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Web and social media metrics: library’s impact and value

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Lecture presented by Vivian Praxedes D. Sy at PAARL's Summer Conference on the theme "Library Analytics: Data-driven Library Management", held at Pearl Hotel, Manila on 20-22 April 2016

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Web and social media metrics: library’s impact and value

  1. 1. WEB AND SOCIAL MEDIA METRICS – LIBRARY’S IMPACT AND VALUE Vivian D. Sy 21 April 2016
  2. 2. Introduction  Philippines: transitioning to K to 12 program  Schools may be cutting their budgets  School administration to library: What is your impact and value to the success of your students and researchers?
  3. 3. The Library & the Strategic Planning Process (Allison, 2015) Library’s Mission: To provide quality intellectual property that have specific bearing upon students’ learning objectives analyze, synthesize Families Employers Society Funding Bodies/Donors Financiers Government/Private Institutions
  4. 4. The Library & the Strategic Planning Process  Changes in the environment:   “corporalization” of universities   social networking   availability of e-readers   mobile devices   Google’s share of searches in the Internet   use of library as ideal space for working
  5. 5. The Challenge  How to determine the impact and value of the library on student success
  6. 6. Determining the Library’s Impact and Value [1] Library Impact Data Project (in 2011 and 2012) [2] University of Minnesota Research (in 2011) [3]The Library Cube (data of 2010-2011)
  7. 7.  Hypothesis: There is a statistically significant correlation across a number of universities between library activity data and student attainment [1] Library Impact Data Project – Phase 1 (Showers, 2015;Stone and Ramsden, 2013)
  8. 8. [1] Library Impact Data Project – Phase 1 Data Requirements of the LIDP Project (Stone, Ramsden & Pattern, 2011)
  9. 9. [1] Library Impact Data Project – Phase 1 Data Requirements of the LIDP Project (Stone, Ramsden and Pattern, 2011)
  10. 10. [1] Library Impact Data Project – Phase 1 Item Loans vs. Final Degree Results (Pattern, 2012)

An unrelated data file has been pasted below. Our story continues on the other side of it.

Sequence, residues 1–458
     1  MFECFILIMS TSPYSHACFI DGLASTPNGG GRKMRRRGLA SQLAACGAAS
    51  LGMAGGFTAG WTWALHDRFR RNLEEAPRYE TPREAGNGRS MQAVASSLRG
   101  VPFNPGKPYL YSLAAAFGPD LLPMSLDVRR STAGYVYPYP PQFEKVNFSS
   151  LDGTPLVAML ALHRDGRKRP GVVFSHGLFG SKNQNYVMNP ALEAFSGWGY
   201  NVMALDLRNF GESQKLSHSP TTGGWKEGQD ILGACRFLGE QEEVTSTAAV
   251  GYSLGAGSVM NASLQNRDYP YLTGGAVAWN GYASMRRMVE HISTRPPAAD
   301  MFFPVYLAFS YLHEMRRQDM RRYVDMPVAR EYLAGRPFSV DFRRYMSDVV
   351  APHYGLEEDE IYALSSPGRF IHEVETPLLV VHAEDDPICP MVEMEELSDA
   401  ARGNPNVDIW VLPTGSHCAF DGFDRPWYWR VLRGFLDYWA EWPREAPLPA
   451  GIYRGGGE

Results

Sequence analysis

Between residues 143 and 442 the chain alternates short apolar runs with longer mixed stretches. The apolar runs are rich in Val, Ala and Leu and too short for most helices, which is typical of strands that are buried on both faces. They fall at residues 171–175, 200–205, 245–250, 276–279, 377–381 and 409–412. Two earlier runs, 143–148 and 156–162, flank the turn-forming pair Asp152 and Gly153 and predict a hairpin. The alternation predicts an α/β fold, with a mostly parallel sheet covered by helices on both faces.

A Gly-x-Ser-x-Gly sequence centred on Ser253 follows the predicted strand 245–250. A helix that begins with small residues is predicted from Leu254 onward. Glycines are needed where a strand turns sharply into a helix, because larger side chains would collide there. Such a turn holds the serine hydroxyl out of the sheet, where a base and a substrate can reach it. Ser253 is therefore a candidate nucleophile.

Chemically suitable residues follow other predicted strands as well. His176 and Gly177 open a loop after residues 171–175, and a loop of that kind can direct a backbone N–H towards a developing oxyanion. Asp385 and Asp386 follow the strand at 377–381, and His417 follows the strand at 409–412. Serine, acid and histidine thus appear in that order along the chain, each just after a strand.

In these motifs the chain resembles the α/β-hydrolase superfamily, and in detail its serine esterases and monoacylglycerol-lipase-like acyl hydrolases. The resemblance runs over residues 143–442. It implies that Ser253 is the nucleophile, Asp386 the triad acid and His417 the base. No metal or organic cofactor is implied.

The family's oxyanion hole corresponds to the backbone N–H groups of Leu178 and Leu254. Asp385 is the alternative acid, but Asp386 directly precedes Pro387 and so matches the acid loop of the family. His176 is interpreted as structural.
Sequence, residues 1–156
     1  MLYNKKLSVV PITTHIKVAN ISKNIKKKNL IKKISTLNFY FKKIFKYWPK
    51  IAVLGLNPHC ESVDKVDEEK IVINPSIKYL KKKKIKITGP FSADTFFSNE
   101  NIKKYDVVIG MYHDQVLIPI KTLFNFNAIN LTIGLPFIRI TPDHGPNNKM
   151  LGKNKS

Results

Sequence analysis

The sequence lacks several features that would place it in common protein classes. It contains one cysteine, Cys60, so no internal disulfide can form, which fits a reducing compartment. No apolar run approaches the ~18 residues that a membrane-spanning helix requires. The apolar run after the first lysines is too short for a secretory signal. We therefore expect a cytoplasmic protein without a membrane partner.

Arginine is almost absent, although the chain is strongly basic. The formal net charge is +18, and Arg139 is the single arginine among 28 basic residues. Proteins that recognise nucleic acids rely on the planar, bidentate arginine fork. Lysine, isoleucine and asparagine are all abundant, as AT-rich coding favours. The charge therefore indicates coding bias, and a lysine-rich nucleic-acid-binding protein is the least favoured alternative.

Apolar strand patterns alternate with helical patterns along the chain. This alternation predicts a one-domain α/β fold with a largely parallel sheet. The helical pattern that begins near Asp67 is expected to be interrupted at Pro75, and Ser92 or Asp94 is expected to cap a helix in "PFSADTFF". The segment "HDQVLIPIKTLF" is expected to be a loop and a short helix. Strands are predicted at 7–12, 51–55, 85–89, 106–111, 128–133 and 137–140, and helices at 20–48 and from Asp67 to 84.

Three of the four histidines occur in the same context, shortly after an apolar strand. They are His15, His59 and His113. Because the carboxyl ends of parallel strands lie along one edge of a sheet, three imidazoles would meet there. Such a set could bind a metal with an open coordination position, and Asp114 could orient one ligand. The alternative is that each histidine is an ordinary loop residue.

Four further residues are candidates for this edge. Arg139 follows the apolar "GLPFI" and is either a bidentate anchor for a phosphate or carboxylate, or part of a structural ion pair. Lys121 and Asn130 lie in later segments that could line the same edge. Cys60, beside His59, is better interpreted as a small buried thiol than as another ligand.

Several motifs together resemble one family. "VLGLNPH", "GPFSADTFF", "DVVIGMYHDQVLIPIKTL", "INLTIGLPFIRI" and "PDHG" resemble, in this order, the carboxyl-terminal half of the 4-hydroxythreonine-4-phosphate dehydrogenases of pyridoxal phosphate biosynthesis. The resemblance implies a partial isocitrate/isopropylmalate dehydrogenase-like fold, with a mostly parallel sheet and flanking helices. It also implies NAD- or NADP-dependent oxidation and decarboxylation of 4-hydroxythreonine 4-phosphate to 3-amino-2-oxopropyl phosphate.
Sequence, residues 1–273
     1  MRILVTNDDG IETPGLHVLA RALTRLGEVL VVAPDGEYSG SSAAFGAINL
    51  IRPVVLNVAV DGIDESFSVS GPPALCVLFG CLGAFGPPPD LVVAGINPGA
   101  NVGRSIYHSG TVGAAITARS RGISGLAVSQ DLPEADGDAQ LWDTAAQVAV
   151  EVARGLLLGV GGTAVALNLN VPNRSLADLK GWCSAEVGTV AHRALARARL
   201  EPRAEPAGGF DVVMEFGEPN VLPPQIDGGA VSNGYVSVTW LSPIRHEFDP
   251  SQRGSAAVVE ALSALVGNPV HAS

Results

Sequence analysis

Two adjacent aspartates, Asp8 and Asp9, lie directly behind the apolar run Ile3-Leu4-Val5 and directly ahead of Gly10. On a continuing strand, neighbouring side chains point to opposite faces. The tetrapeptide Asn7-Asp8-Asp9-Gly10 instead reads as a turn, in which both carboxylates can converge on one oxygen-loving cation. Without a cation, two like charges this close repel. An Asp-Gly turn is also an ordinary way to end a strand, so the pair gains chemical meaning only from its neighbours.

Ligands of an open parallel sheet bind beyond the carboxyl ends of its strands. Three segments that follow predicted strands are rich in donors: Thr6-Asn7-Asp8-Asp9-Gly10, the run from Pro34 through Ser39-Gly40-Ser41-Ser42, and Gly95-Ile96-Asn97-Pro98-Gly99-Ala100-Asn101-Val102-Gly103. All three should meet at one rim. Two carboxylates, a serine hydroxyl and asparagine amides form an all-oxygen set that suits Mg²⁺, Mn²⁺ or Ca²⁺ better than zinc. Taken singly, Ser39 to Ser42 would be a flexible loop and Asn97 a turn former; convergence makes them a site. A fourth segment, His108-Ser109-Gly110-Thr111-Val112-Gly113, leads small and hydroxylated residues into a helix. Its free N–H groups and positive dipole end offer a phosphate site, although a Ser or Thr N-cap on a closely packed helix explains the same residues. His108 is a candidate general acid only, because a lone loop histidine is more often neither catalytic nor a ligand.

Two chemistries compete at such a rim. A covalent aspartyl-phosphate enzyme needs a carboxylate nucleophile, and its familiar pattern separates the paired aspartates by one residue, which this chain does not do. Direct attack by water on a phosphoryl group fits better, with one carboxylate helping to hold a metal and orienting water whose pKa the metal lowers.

11. 11. [1] Library Impact Data Project – Phase 1 E-resource Logins vs. Final Degree Results (Pattern, 2012)
  12. 12.  There is a positive relationship between student final degree result and:  Library loans  E-resource usage  Correlation not established because data used was non-continuous  Relationship between student final degree results and library visit not be established; many reasons why students enter the library [1] Library Impact Data Project – Phase 1
  13. 13.  Important concerns from focus groups:  Library resources  Referrals to resources  Library staff for consultation re technical and resource problems  Technical concerns re access to information and general technology problems [1] Library Impact Data Project – Phase 1
  14. 14.  Hypothesis: There is a statistical significance between  demographic data  discipline  student retention and library usage [1] Library Impact Data Project – Phase 2
  15. 15. [1] Library Impact Data Project – Phase 2 Dimensions of Usage (Stone and Collins, 2013)
  16. 16. [1] Library Impact Data Project – Phase 2 Demographic Data Examined in Phase 2 (Showers, 2015)
  17. 17.  Age  Mature students:  e-resource usage  Younger students:  library visits  Gender  Women:  resource usage,  library visits [1] Library Impact Data Project – Phase 2
  18. 18.  Country of Domicile  Black and Asian vsWhite students:   library visits   PC usage   e-resource usage within the campus  Chinese vs UK students:   library loans   e-resource usage  No relationship between Ethnicity and Final Grades  Overall, there is a relationship between demographics and library usage [1] Library Impact Data Project – Phase 2
  19. 19. [1] Library Impact Data Project – Phase 2 Course Enrollment (Collins and Stone, 2014)
  20. 20. [1] Library Impact Data Project – Phase 2 Course Enrollment (Collins and Stone, 2014)
  21. 21. [1] Library Impact Data Project – Phase 2  Of e-resources and PDF downloads  Social Sciences: higher user group  Arts: lowest user group  Social Sciences  Behavioral Sciences: highest user  Business: higher usage than law, social work, education  Law: extremely low users  Findings: There is a relationship between discipline and library usage
  22. 22. [1] Library Impact Data Project – Phase 2  Cumulative measure of usage was examined  Results were similar to those of Phase 1  There is a relationship between retention and library usage